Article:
CDS is analogous to Alzheimer's disease in people. Cognitive behavior issues include difficulties with spatial orientation (a sense of direction while moving around); problems with memory, learning, housetraining; and difficulty in recognizing and reacting to human family members. Common signs seen by owners include:
- Confusion (getting trapped in corners or forgetting the location of the litter box)
- Increased attention seeking (or less commonly, aggression)
- Increased irritability or anxiety
- Changes in sleeping patterns
- Crying for no apparent reason
- Forgetting commands
- Loss of housetraining
- Changes in activity, such as wandering or pacing, or reduced activity
- Altered interest in food (either increased, or more commonly, decreased)
- Decreased grooming
- Forgetting they've just been fed
Diseases can be common causes of behavioral changes in older pets, so it is important to rule out other medical problems. Examples of diseases that can cause some of these signs include:
- Hypertension (high blood pressure)
- Kidney disease
- Brain tumors
There are many supplements and changes you can make for your pet to support their cognitive health and improve brain function.
- Diet changes:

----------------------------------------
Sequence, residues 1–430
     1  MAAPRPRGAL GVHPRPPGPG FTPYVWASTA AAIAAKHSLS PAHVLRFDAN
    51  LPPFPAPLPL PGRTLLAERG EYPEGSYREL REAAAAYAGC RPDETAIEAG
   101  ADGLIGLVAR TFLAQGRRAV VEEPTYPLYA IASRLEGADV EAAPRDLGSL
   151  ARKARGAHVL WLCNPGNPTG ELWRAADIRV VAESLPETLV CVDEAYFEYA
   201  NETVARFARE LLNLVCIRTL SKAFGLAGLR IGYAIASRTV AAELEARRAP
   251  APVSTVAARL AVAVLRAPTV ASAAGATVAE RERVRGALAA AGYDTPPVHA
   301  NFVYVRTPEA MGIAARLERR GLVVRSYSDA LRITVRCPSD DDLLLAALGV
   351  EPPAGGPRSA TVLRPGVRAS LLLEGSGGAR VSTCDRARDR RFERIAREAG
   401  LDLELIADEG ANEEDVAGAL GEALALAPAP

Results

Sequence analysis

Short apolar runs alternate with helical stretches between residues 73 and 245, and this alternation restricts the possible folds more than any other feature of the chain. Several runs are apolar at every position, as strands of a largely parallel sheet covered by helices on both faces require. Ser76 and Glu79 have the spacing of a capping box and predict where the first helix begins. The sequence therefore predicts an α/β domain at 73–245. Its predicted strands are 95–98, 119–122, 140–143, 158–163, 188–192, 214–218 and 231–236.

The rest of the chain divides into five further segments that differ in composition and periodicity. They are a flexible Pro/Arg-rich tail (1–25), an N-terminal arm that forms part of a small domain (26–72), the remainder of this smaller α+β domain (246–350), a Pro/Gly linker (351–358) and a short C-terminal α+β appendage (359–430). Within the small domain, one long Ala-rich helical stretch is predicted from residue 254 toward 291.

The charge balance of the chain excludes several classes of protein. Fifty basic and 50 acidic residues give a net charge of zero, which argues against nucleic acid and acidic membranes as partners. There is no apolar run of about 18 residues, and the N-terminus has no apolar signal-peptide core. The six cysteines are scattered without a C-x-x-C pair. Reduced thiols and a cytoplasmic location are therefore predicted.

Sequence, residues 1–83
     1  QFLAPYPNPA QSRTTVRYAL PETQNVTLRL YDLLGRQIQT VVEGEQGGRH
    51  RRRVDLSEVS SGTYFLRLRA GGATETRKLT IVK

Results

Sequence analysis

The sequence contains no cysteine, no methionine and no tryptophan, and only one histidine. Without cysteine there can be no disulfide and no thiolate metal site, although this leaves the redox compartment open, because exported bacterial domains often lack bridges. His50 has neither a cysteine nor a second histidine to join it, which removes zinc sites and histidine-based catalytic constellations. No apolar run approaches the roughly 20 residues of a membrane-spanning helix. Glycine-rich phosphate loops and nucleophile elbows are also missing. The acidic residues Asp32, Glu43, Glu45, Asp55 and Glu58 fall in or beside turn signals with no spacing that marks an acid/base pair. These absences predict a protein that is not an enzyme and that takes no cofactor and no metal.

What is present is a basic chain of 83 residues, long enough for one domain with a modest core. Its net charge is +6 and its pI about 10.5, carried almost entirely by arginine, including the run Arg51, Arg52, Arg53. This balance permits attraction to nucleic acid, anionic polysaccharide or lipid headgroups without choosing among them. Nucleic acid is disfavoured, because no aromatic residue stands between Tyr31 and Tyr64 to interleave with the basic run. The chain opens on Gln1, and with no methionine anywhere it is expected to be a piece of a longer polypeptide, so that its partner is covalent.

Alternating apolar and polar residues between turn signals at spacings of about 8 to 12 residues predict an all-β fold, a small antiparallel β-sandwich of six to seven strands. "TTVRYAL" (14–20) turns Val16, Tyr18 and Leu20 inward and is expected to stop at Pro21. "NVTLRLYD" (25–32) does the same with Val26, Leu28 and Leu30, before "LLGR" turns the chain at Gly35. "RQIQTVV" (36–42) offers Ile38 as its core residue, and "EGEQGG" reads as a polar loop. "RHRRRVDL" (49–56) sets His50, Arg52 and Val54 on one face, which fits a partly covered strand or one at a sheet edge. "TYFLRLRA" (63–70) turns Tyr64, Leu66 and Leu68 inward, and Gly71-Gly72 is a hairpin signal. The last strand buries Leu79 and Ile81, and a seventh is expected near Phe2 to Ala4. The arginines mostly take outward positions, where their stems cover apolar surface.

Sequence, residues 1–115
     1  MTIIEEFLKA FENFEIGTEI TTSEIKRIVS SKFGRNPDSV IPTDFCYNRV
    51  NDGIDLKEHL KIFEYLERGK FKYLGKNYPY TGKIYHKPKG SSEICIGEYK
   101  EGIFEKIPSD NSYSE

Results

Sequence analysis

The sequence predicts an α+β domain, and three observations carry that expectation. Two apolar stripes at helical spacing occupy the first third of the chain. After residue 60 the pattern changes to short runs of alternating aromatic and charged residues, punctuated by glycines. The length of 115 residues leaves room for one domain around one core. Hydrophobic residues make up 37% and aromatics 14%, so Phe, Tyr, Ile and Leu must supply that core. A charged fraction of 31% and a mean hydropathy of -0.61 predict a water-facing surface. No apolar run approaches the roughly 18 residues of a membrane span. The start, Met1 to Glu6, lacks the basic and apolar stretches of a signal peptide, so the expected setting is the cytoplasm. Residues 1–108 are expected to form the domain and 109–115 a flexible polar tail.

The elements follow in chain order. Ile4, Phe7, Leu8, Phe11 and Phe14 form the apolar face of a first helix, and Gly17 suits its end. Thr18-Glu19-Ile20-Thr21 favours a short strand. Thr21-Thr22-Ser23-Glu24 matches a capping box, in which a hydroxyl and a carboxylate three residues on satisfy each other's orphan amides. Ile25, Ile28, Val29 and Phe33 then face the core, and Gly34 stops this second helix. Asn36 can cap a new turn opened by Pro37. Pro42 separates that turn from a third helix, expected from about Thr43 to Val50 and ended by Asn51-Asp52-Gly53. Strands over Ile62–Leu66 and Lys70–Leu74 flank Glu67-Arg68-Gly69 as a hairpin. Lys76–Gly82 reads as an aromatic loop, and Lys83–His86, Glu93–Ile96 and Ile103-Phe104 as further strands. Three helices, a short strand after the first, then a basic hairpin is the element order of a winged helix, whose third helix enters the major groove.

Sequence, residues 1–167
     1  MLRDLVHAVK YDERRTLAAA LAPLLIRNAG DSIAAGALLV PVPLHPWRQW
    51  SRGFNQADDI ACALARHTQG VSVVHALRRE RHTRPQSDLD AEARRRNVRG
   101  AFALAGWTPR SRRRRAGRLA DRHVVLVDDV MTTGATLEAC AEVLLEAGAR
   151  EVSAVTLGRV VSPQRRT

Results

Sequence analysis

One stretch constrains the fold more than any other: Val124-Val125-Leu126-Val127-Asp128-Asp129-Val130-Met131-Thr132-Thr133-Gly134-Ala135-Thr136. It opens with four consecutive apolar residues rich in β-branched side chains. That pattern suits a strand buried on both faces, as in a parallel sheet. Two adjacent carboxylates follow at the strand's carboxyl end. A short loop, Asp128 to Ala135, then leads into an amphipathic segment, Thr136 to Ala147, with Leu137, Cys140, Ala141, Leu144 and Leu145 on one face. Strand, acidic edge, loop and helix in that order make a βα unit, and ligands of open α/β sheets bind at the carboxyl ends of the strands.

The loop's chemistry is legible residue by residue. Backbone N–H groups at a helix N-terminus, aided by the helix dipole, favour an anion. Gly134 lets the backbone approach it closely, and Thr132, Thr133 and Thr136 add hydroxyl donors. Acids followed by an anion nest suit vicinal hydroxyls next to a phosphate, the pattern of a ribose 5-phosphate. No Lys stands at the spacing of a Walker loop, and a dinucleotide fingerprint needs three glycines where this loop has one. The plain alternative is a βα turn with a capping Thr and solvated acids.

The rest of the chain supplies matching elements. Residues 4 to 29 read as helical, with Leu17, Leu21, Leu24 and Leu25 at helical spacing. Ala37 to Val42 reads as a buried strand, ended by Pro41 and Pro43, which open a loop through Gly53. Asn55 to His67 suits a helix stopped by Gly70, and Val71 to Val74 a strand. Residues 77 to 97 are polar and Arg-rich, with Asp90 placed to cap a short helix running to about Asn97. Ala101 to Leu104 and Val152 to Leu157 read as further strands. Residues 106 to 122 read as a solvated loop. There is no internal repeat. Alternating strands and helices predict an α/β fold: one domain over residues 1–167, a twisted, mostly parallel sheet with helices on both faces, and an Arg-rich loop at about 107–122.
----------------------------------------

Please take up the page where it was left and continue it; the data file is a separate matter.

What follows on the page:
- Dogs: Pro Plan Bright Mind or Purina Neurocare both support brain function with anti-oxidants, brain supporting nutrients, and appropriate levels of essential fatty acids. Neurocare is a prescription diet that was formulated with medium chain triglyerides to help control seizures, but has also been show to improve function for dogs with CDS.
- Cats: a diet enriched with antioxidants and other supportive compounds such as Vitamin E, beta carotene and essential fatty acids is ideal. Purina Pro Plan Age 7+ is an example of a diet with these attributes.
- Fish oil supplements balanced for peak cognitive support (balanced with appropriate levels of DHA/EPA). We recommend VRS Cognitive.
- Supplements: Senilife (dogs and cats), Feline Senior Vitality Pro Chews, Cell Advance antioxidants, SAMe antioxidants
- Medications: Selegiline (Anipryl) can help some animals with CDS, especially those with sleep/wake disorders.
- Environmental Enrichment - As with humans, the adage "if you don't use it, you lose it" applies when it comes to older animals' mental acuity. Environmental enrichment, such as regular exercise and introduction of new toys, can improve cognitive function and delay cognitive decline. In a laboratory study of older dogs over a 2-year period, environmental enrichment (e.g. housing with another dog, daily playing with toys) was shown to be an effective tool for task learning. Dogs that were given both dietary and environmental enrichment had the greatest improvement in learning ability when compared to dogs who did not have enrichment.
- Stress alleviation
- Pheromones: Feliway, Adaptil
- Supplements: Zylkene, Composure
- Medications as prescribed by your veterinarian
Discuss these options with your pet's veterinarian to come up with the best plan to support them.
With proper care, senior dogs and cats can be helped to manage the cognitive changes they will encounter. Old age is not a disease.